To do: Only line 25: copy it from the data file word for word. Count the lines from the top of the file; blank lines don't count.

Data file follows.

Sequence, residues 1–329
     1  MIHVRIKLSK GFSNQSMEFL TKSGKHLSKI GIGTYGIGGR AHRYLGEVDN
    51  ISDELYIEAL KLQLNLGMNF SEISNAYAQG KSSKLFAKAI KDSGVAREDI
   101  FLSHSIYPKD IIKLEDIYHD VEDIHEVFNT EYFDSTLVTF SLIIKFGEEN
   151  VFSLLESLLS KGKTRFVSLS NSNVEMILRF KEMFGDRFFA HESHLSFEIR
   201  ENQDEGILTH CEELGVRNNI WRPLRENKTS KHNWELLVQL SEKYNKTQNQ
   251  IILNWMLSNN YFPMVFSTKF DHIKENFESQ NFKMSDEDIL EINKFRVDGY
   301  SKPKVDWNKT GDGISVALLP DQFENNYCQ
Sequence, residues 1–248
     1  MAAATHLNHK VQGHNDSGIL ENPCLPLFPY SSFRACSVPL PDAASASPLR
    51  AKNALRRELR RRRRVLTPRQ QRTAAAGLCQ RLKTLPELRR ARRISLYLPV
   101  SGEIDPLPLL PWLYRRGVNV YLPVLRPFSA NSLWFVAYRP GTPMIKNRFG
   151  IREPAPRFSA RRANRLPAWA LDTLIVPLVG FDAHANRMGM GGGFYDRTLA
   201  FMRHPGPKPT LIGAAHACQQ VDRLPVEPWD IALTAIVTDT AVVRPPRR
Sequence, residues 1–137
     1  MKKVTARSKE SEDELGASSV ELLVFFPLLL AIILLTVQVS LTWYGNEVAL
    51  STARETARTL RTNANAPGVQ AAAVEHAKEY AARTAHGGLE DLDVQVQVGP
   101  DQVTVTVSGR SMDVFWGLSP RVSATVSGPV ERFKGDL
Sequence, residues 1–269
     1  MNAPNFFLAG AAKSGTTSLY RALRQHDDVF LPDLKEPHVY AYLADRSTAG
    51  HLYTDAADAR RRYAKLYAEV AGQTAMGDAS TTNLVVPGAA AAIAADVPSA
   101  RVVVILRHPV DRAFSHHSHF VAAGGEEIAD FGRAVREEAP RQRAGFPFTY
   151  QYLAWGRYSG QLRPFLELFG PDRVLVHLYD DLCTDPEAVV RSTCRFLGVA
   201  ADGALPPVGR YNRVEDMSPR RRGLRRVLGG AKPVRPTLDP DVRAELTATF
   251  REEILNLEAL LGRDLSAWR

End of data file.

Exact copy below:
   251  REEILNLEAL LGRDLSAWR